Well, I bet you know what happened. The meeting ran long, band rehearsal ran long, and by the time we got home it was already after 7. I set some oil on the stove for the plantains while I fished the chicken out of the crock pot and covered it in the last of the jerk seasoning, then stuck it under the broiler. I heated the beans and checked the rice. I put the first plantain into the oil and hey, the oil was too hot, because it sprayed everywhere and the kids asked me what was going on and the dogs started trying to lick up hot oil (my dogs are cute, but not all that bright, it turns out…) while I was turning down the stove and realizing the chicken was about to burn and then I also realized that I hadn’t even started the salad and… you get the idea.

We ended up sitting down to dinner at around 7:45 (late, for us, on a school night), and while everything was delicious, I can’t tell you for sure that it outweighed the hassle leading up to it or the trail of carnage I left behind in my wake (I didn’t use every pan and utensil in the kitchen, but it was close). Later, as my husband and I were putting food away, doing dishes, and generally setting the kitchen back to rights, he said to me, “We have teenagers. Why are we cleaning up?”

“I don’t know,” I answered. I was about to say that they were busy with homework, but they weren’t. My son was gaming online with some friends and my daughter was playing a different game and texting while she did it. Probably we could’ve asked them to come clean up. Maybe we should’ve. But they’d had a long day at school and then marching band rehearsal, and this was their first free time all day, plus I suspected their version of clean and ours would be different, and I wasn’t sure it was worth the argument. Besides, I got to hang out with my husband while we tidied up and he kept telling me how great dinner was. All I’d gotten out the kids was, “This is okay, I guess,” “Do I have to eat this?” and—my personal favorite—“Why do I have to have salad? I’m having rice.” (Good news! Rice is now a vegetable, I guess!)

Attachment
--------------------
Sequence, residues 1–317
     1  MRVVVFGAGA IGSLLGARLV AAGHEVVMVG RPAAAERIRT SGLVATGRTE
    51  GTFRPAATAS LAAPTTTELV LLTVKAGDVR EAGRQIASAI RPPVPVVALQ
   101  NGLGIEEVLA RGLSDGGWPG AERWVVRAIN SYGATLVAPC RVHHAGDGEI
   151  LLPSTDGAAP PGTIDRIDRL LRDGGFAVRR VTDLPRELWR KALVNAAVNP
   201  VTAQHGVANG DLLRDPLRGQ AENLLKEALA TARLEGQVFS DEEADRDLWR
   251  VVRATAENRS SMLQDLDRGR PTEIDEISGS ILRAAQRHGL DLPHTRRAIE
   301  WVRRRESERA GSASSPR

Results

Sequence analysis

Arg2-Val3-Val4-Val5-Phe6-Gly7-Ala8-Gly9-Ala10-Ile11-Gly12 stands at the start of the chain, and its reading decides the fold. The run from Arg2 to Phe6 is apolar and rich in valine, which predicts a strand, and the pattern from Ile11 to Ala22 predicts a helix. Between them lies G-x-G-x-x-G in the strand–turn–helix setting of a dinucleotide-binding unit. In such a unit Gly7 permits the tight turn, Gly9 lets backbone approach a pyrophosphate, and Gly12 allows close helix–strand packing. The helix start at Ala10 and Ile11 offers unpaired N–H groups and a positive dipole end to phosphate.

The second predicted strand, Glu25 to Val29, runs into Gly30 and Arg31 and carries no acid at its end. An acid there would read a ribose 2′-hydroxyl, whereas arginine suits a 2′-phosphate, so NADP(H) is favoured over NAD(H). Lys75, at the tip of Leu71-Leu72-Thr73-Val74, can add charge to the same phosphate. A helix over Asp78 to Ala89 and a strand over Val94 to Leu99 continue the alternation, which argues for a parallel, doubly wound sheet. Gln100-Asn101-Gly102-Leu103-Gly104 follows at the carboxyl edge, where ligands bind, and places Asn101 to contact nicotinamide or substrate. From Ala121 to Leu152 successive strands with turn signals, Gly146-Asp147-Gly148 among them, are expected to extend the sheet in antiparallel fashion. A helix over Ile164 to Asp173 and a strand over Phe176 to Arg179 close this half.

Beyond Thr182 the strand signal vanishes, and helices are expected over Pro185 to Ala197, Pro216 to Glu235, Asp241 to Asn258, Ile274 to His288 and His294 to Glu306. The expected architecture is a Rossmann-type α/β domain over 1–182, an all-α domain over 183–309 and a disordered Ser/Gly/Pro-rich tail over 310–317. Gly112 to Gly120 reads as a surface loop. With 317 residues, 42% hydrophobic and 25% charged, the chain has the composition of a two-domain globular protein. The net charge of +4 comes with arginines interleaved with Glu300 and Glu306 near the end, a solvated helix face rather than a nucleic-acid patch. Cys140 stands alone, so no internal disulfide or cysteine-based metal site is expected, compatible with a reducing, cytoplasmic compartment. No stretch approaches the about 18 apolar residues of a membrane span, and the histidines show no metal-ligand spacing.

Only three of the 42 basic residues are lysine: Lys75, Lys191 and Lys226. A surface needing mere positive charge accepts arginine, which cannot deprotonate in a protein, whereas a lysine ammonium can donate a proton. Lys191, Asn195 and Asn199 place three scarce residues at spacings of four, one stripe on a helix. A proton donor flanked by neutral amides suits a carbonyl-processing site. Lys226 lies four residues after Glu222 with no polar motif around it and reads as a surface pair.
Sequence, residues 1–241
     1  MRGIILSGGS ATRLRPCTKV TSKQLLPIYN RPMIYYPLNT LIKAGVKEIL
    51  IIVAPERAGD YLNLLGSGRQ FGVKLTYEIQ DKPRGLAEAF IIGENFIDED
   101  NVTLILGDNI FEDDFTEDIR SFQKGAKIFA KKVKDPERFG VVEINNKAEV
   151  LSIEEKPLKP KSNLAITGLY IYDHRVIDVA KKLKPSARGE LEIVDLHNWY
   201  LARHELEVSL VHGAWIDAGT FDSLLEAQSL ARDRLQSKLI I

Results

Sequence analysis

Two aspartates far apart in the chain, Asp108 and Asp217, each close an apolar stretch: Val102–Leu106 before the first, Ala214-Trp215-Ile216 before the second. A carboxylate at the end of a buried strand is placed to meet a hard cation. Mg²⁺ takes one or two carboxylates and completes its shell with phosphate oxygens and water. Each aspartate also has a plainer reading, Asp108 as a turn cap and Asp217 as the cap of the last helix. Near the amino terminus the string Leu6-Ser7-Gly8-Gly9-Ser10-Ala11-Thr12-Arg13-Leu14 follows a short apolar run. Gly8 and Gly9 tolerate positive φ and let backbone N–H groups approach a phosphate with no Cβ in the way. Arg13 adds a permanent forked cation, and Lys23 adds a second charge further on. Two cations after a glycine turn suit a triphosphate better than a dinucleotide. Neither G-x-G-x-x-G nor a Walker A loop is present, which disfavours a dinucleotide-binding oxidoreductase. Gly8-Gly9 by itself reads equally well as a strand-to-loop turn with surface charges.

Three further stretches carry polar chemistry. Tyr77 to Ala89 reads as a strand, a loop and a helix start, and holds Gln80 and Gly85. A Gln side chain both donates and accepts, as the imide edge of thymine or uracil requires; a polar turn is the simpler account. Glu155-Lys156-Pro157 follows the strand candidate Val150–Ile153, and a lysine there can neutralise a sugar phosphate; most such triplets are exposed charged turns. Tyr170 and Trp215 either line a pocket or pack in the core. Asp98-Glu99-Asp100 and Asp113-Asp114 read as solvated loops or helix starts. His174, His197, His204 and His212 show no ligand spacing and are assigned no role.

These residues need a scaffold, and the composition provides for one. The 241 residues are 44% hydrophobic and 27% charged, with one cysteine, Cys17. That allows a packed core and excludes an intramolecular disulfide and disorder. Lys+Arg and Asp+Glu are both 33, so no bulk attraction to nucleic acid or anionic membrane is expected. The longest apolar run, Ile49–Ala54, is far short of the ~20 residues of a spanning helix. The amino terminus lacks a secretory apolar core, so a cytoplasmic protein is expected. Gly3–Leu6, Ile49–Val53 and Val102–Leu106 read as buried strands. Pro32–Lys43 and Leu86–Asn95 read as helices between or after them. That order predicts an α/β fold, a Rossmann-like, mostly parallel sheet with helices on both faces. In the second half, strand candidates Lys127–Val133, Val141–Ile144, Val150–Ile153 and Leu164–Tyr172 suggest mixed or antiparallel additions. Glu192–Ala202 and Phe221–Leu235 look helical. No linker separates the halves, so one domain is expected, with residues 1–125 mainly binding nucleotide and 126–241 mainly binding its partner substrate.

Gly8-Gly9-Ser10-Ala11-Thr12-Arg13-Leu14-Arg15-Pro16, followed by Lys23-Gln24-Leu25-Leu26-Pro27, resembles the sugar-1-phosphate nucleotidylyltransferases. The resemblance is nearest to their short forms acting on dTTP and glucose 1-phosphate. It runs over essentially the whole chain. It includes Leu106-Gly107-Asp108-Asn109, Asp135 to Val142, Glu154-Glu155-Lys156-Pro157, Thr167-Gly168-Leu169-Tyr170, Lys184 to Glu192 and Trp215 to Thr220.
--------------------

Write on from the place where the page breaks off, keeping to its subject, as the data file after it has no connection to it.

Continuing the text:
After dinner I had to head back to my desk and finish the work that didn’t get done during the day, thanks to the marinade, the doctor’s appointment, the meeting, picking up the kids, and wrecking the kitchen. Thank goodness everyone loved dinner so much that it was all worth it! Oh, wait. My husband and I loved dinner. Someone else who shall remain nameless for his or her own protection later said to me, “Dinner was fine, but can we just eat something normal tomorrow?”

The joke was on the kid; we had tons of leftovers for the next dinner! Hey, leftovers are “normal,” right?

Mir Kamin
About the Author

Mir Kamin

Mir Kamin began writing about her life online over a decade ago, back when she was a divorced mom trying to raise two regular little kids and figure out what she wanted to be when she grew up. Now ...

Mir Kamin began writing about her life online over a decade ago, back when she was a divorced mom trying to raise two regular little kids and figure out what she wanted to be when she grew up. Now her life looks very different than it did back then: Those little kids turned into anything-but-regular teenagers, she is remarried, and somehow she’s become one of those people who talks to her dogs in a high-pitched baby voice. Along the way she’s continued chronicling the everyday at Woulda Coulda Shoulda, plus she’s bringing you daily bargain therapy at Want Not. The good news is that Mir grew up and became a writer and she still really likes hanging out with her kids; the bad news is that her hair is a lot grayer than it used to be.

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Comments

  • Pingback: You say plantain-o, I say tornado | Woulda Coulda Shoulda()

  • valerie

    So funny…especially the comment about “something normal”…here’s to continuing to make those family dinners special…

  • If it’s any consolation, I’ll eat your leftover jerk chicken any time. There IS that little opposite-sides-of-the-country issue, but you know… whatever.